Other than the screws, the smallest piece of a 335 is the switch tip. That shouldn’t make it any less significant to a collector or someone who wants a completely original guitar. People act differently toward this particular part than they do toward any other. If the guitar is a 58, 59 or 60, the tip is treated like all the other parts. It has to be the catalin (bakelite) amber tip and pass all sorts of tests to prove that it is indeed the formaldehyde based plastic. The fakes have gotten really good but I don’t think they’re making them out of catalin. But, once we get to 1961 and the switch is white, nobody seems to care any more. There are 2 different types of white switch tip that show up between 61 and 64 and none of them are the ones with the big seam on top. No one has written about this, as far as I know and it only occurred to me recently. I’ve had a lot of 61-64 ES 335s and 345s lately and a couple have been from the original owner, so I can find out if things have been changed. Switch tips get lost a lot. They also get stolen or unscrewed by folks who seem to have an OCD related penchant for unscrewing anything that can be unscrewed. These are same people who can’t drink a Bud without peeling off the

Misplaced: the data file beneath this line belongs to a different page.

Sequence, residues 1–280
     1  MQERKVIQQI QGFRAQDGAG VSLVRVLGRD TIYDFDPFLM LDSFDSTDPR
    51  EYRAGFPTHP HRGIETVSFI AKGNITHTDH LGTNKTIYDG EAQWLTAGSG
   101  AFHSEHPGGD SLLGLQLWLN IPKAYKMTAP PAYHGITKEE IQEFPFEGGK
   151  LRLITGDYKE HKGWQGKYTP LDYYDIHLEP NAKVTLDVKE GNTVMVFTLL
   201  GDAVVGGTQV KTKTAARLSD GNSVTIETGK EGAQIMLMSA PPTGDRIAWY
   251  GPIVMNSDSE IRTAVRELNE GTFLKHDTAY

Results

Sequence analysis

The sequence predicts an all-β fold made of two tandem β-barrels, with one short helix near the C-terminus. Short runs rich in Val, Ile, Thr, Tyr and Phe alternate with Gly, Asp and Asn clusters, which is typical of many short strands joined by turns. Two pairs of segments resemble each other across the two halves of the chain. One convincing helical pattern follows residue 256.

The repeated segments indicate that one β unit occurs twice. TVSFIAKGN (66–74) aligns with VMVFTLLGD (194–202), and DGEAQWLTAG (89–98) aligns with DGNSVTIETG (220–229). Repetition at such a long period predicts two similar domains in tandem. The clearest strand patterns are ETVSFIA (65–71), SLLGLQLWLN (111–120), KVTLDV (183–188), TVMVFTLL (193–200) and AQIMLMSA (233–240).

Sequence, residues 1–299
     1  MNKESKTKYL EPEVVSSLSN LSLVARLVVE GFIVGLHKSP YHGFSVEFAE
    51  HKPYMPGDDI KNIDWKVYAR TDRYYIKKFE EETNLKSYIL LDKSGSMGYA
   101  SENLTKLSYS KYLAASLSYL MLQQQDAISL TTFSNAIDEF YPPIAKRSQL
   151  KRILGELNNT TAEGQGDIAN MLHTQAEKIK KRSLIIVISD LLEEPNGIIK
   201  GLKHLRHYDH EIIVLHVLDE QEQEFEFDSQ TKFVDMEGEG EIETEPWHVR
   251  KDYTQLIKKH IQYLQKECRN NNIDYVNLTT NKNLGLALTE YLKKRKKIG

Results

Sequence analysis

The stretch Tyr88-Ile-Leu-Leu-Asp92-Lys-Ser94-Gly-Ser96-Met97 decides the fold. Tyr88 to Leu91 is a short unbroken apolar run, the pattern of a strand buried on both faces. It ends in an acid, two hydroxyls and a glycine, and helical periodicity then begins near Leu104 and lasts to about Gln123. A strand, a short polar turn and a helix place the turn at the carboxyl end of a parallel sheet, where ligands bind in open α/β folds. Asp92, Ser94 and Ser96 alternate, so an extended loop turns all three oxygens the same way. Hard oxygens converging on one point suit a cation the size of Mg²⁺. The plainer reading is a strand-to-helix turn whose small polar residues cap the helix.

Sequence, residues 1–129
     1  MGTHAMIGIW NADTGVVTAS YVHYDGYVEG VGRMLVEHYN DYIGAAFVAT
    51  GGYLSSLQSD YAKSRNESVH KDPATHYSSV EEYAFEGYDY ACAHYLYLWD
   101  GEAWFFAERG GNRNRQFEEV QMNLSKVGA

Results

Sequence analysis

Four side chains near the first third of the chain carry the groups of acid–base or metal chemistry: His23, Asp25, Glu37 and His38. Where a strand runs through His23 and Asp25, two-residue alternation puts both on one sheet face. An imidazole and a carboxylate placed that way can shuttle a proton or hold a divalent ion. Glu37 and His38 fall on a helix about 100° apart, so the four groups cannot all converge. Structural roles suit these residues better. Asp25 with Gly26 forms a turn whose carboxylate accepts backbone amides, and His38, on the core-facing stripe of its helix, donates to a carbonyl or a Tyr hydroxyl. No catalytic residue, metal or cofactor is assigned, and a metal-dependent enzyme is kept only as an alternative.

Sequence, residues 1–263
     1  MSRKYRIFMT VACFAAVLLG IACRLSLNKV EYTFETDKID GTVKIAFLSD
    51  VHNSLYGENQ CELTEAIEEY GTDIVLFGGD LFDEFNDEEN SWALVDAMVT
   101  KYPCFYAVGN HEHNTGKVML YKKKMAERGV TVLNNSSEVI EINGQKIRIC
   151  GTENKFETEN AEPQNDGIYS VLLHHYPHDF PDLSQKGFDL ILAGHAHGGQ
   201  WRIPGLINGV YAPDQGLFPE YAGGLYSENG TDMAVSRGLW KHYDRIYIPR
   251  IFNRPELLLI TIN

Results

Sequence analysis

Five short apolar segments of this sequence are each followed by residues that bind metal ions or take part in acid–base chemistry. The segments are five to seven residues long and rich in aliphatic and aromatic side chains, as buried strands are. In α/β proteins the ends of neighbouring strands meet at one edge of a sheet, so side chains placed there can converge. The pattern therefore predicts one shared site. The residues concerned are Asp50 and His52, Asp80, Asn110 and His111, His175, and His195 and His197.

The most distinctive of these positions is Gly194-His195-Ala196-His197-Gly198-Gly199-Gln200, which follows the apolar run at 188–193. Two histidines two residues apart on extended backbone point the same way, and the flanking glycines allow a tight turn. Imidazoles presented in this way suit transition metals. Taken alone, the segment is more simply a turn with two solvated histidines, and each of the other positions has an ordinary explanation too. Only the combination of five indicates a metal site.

label. Anyway, there seems to be more than one type of white switch tip used from 61-64. Making matters more difficult is the fact that catalin doesn’t start off amber, it starts as off white and turns amber when exposed to sunlight. By now, most catalin switch tips are amber, so we’ll ignore the fact that there could be yet another type of white switch tip. Most of you already know that a catalin switch tip has no top seam and the top is usually relatively flat. The first switch tips that follow the catalin ones are some sort of plastic that is molded with a barely visible top seam. But they look almost exactly like the catalin tips but with a rounded top -the bottom is cleanly finished and rounded off and they taper like the catalin tips. But the seam is very subtle-it is not a raised line like most of the white plastic tips you’ll see from the late 60’s until today. I’m not certain when they started using the fatter tips with the prominent seam but I suppose it doesn’t matter much after the 60’s. The typical 61-6? tip is also plastic with a very subtle seam but not nearly as tapered. the bottom is a bit more ragged. There are a couple of things to look for in these early white switch tips to ascertain correctness. These tips also taper a good bit from top to bottom but not as dramatically as the catalin tips. Later tips are fatter at the base. The “tell” that I use for a 61-64 tip is an odd one. I look for a crack. Since I’ve started paying close attention to these guitars, I’ve probably had 60 or 70 from 1961-1964. Of those, I think fewer than 5 have had an intact switch tip. They all seem to crack. The plastic was apparently a little more brittle than it should have been and when they are even slightly overtightened, they crack-and nearly all in the same place-from the bottom to the seam in a vertical line. So, if you have a 64 and the switch tip isn’t cracked, is it a replacement? Not necessarily but there’s a real good chance that it is. However, to complicate matters, modern ones crack although not as frequently, so we need something else to help us authenticate the tip. Run your finger across the seam. If it’s big enough to “catch” your fingernail, it’s probably a later one. It may be that they just finished them better back then and now they don’t. There is a pretty robust market for the catalin tips and they can cost as much a $250. There isn’t really much of a market for the early white tips because there’s so little to tell them apart from a 75 cent modern replacement. Someone has a “61” on Ebay for $85 and it looks like every other plastic switch tip I’ve seen from 1969 or so until yesterday. Look for the well finished seam and the more dramatic taper. And the crack.